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'Timing not right' to consolidate Poulsbo, North Kitsap fire districts
POULSBO — Although fire officials have hoped for many years to consolidate the two fire districts that serve North Kitsap, the two district’s fire chiefs say now is not the time.
“We can’t do it today, the timing’s just not right,” said outgoing Poulsbo Fire Chief Dan Olson. However, he added, “doing nothing is not an option.”
The chiefs presented their recommendation to the North Kitsap Fire & Rescue and Poulsbo Fire’s boards of commissioners May 21, based on the districts' strained financial resources.
As one consolidated district, the chiefs said the immediate benefits would be improved communication and cost savings by merging administrative positions. However, two factors come into play as a merged district that would add financial burden.
State law requires districts to base wages with comparable coverage areas; with a larger district comes a larger population, and employee wages would potentially increase by 18 percent.
State law also limits fire districts’ property tax revenue at a 1 percent increase every year, based on the last year’s revenue. However, this year, both Poulsbo and NKF&R have reached their maximum levy rate. As property values drop, so do the districts’ total tax revenues, according to NKF&R spokesperson Michele Laboda. Both districts project that they’ll be collecting 5 percent less in 2012 than they did in 2011, leaving no room for the additional costs associated with this merger.
Olson and NKF&R Fire Chief Dan Smith conducted an analysis — looking between 2013-2017 — of the two districts individually, as a merged district with current staffing and level of service and as a merged district with enhanced level of service. The chiefs worked with a committee of firefighter volunteers, union representatives, administration and finance personnel from each district.
As a merged district, the chiefs found cash flow would be in the negative by 2017, partly due to these financial constraints, and partly due to the end of current grant funding.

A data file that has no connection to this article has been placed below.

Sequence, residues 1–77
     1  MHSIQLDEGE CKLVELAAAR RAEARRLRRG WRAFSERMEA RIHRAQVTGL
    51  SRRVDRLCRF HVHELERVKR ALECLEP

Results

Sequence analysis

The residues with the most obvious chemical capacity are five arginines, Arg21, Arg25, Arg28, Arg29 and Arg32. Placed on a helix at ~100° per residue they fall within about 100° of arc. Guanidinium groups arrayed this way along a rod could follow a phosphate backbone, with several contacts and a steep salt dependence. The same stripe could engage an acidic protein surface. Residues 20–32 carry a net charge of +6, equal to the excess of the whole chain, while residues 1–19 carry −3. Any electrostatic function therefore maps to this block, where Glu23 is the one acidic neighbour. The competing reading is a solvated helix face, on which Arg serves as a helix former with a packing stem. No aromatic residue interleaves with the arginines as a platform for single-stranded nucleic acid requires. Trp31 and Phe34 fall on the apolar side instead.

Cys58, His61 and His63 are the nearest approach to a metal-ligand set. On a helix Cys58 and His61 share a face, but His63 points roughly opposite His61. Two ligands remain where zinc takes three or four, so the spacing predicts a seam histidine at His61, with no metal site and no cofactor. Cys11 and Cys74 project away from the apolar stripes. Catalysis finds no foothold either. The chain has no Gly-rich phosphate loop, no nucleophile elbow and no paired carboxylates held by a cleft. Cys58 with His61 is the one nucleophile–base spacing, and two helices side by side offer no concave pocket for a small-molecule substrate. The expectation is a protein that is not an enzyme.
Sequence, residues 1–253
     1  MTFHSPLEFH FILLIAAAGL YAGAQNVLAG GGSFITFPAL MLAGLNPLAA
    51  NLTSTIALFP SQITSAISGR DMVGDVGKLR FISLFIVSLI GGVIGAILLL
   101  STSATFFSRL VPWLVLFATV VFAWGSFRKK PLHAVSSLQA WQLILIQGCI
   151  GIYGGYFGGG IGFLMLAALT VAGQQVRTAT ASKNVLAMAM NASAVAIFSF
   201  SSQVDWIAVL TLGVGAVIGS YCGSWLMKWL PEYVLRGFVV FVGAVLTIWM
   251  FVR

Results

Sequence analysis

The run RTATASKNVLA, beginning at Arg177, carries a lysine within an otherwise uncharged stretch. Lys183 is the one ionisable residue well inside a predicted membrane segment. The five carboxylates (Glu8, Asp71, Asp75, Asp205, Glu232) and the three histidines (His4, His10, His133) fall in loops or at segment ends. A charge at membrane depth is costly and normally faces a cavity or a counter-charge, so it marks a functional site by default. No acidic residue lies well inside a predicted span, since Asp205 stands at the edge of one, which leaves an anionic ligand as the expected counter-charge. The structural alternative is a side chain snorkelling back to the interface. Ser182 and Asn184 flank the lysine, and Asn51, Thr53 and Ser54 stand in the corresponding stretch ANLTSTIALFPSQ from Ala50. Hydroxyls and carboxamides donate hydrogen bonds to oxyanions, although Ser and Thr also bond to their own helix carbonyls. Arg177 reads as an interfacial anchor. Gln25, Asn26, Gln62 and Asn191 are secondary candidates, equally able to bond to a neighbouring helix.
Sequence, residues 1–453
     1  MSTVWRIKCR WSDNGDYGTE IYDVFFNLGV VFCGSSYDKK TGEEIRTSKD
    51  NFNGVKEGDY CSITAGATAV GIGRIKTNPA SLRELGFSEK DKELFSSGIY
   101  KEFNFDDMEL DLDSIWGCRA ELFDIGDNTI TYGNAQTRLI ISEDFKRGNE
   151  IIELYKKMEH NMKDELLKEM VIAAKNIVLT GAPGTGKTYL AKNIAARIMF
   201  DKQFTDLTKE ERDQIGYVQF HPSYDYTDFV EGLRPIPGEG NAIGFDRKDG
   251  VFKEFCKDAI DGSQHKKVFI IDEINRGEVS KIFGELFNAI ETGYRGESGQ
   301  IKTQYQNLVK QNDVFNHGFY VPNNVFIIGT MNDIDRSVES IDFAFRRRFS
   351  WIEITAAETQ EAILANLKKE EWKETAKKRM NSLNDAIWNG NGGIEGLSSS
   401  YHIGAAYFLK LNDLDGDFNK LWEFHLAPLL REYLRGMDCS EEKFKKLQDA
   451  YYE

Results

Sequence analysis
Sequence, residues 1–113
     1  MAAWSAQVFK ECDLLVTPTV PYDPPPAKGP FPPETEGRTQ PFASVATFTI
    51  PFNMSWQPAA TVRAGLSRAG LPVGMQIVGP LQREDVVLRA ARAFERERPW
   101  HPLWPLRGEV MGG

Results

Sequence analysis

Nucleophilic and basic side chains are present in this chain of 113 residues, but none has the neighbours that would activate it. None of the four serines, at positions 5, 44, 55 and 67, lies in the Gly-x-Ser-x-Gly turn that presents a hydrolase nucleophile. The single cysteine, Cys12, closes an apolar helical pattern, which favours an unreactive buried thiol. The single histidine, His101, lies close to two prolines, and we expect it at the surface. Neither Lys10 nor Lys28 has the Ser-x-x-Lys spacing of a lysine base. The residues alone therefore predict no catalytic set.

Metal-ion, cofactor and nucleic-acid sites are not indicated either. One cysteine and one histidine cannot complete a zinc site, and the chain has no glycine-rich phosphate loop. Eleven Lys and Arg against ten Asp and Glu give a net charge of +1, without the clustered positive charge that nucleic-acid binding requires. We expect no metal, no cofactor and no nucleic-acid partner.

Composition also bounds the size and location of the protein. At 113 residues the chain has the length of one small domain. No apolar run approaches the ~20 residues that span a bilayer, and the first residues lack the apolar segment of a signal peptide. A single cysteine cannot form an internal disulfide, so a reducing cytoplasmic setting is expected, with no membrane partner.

In a notable show of collaboration, each district’s Board of Commissioners have met for more than four years to discuss sharing of resources and consolidation.
“Maybe in the future the door opens,” Olson said.
Olson said he and Smith suggest the board continue to look for smaller forms of consolidation, such as training programs.
“We’re not looking for a short term solution, we’re looking for something we can inject now,” said Poulsbo Fire Commissioner David Ellingson. The commissioners agreed to “digest this information” and meet again to discuss other consolidation options.
The board also welcomed Poulsbo’s interim Fire Chief, Jeff Griffin. Olson announced his resignation in April, after accepting a position with the Vancouver, Wash. Fire Department. His last day is June 1.
Griffin comes to Poulsbo from Eastside Fire, via the United Arab Emirates. He worked for a UK company to begin a firefighting service in the Middle East, for four months last year. After he returned to the Pacific Northwest, a former boss of his recommended his name to the Poulsbo Fire Commission.
“I’ve been coming to Poulsbo as a boater and [as] someone who’s always enjoyed this community,” Griffin said. “This department, the leadership has done a great job heading into really difficult downturn in the economy... I’m looking for ways to build on that structure of [this] fire department’s stability.”